Online with Star version

A Sheffield woman feared she could die when she was diagnosed with cardiomyopathy, but now says she has a new lease of life thanks to a community cardiac rehabilitation programme.

Wednesday, 2nd October 2019, 9:03 am
Updated Wednesday, 30th October 2019, 12:22 pm
Sarah Glossop - living with cardiomyopathy

Sarah Glossop, aged 49, was diagnosed with the condition, which is a disease of the heart muscle which can affect its ability to pump blood around the body and lead to heart failure, following a routine echocardiogram.

She attended a late-effects clinic as a result of having leukaemia as an 18-year-old.

Sarah, who has a husband and a 15-year-old daughter, said she lost her confidence and was scared she could die suddenly.

“I had thought that I was just run down after a stressful year, but when I got the diagnosis it really devastated me.

“I was very down about it and I just could not function. I was terrified as I had read that people with my condition can die suddenly, and I was worried that could happen to me.

“I had no confidence in doing any exercise at all, I was worried I wouldn’t be able to work. I had completely lost my mojo.”

Further tests revealed that Sarah’s ejection fraction, a measure of how much blood is pumped by the heart with each contraction, was just 23 per cent.

Sarah, who is self-employed and runs a dog walking business, was worried that she would have to give up her job. Her husband, who is also self-employed, had to take time off work to support her.

The mum-of-one was then referred to the heart failure team at Sheffield Teaching Hospitals, and subsequently the Community Cardiac Rehabilitation team.

After being visited at home by cardiac specialist nurses, she was encouraged to take part in the programme of exercise classes, which take place at place at the Graves Health and Sports Centre, two times a week for six weeks.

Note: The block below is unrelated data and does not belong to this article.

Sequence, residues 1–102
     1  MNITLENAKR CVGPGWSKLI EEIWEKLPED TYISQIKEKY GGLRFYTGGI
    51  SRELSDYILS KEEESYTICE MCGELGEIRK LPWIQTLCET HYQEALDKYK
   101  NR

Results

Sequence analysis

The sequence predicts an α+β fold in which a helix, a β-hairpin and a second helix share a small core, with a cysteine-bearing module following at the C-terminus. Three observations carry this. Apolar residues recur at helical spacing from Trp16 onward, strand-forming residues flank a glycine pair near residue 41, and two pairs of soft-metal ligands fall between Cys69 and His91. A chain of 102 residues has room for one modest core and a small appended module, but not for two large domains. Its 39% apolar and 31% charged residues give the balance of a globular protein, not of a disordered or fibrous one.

She was set the individual goal of increasing her confidence in doing exercise, and built up the amount she could do using gym equipment and circuit training.

Sarah, of Dore, said: “I was initially worried that the classes would be full of really sick, old people, but I could not have been more wrong.

“It was full of lively and smiley people, and the nurses were welcoming, patient and knowledgeable, and you were never made to feel ill or weak.

“It has made such a massive difference to me. I got my vitality back, I feel alive and really well.

“I am back to dog walking, and find that I have more stamina, but more than that – the fear that had been holding me back is gone.”

Sarah has continued going to classes since her treatment programme finished, and her ejection fraction is now back up to 58 per cent, which is within a normal range.

Her progress has been so impressive that she was named as ‘member of the month’ for October. She has also taken on a role with a cardiomyopathy support group to help others who have the condition.

Senior respiratory physiotherapist Sarah Lee, who is part of the Community Cardiac Rehabilitation team, said: “It has been quite an emotional journey.

“Sarah has seen such a huge improvement, her cardiac function is higher, her fitness level is higher and her mental state has improved as well.

“At first she did not know what she could do and what she couldn’t do, or if she would be able to carry on her business, but now she is doing that and more.

“It has been really lovely to see her journey, it is why you do the job.”